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Editorials |

Clinical Practice Improvement Initiatives: Don't Be Satisfied With the Early Results

Marin H. Kollef, MD, FCCP
Author and Funding Information

Marin H. Kollef, MD, FCCP, Division of Pulmonary and Critical Care Medicine, Washington University School of Medicine, 660 South Euclid Ave, Campus Box 8052, St. Louis, MO 63110; e-mail: mkollef@dom.wustl.edu

Dr. Kollef is Professor of Medicine, Division of Pulmonary and Critical Care Medicine, Washington University School of Medicine.


This research was supported in part by the Barnes-Jewish Hospital Foundation.

Dr. Kollef has served on the Speaker's Bureau for Merck, Pfizer, Bard Medical, and Kimberly Clark.

Reproduction of this article is prohibited without written permission from the American College of Chest Physicians (www.chestjournal.org/site/misc/reprints.xhtml).


© 2009 American College of Chest Physicians


Chest. 2009;136(2):335-338. doi:10.1378/chest.09-0637
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Extract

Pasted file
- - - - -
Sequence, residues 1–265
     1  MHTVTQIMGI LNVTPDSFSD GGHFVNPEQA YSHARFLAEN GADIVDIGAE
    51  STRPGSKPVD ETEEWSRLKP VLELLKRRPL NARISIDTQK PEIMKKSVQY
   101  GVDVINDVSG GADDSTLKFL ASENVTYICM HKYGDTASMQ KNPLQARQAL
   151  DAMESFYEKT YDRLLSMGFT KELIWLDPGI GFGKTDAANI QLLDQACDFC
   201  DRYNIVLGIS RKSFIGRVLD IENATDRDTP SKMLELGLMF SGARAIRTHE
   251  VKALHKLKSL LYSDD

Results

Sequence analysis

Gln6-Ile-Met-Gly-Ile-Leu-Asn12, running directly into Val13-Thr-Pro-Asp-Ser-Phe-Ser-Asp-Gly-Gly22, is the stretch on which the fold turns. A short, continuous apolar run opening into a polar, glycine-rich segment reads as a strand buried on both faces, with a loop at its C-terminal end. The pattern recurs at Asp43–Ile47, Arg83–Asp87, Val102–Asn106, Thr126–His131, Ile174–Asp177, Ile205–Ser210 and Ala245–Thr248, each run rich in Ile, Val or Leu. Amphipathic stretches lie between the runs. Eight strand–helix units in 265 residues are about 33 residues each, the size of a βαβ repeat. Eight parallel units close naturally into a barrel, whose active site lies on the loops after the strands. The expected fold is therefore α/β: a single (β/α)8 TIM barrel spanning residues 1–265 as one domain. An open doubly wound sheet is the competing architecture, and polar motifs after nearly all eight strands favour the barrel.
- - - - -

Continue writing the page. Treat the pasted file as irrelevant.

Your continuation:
In this issue of CHEST (see page 426), Levin et al1 describe their experience with an infection control program aimed at technicians employing portable radiology equipment in the ICU setting. These investigators showed that an intervention aimed at improving infection control measures using an alcohol hand rub and changing gloves before and after each contact with the patient or radiology equipment significantly reduced colonization of the radiology equipment with Gram-negative bacteria (reduction 39 to 0%; p < 0.001). Additionally, these authors demonstrated that Acinetobacter baumannii colonization of portable radiology equipment, originating from a patient, occurred during the observation period. Of equal clinical importance was the finding that the infection control program deteriorated significantly during a third observation period conducted 5 months after completion of the intervention period. This deterioration was related to a decrease in compliance with the measures contained within the infection control program. This study highlights the importance of monitoring practice improvement changes following the intervention phase where the involvement and compliance of the participants is generally at its highest level. The high level of compliance during the intervention phase is usually due to the knowledge that individuals' compliance with the intervention and clinical outcomes are being prospectively monitored.

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